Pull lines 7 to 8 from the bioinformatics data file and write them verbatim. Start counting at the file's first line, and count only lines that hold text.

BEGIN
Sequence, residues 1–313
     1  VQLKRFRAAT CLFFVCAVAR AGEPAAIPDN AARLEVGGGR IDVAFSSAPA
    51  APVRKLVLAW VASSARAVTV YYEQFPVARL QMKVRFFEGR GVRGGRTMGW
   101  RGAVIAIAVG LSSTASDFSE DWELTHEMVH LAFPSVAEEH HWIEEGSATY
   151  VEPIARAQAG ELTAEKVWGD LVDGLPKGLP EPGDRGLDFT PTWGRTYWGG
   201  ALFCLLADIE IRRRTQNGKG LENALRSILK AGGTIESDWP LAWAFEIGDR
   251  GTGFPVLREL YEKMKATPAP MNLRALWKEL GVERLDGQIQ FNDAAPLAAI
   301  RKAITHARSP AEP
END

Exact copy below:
   251  GTGFPVLREL YEKMKATPAP MNLRALWKEL GVERLDGQIQ FNDAAPLAAI
   301  RKAITHARSP AEP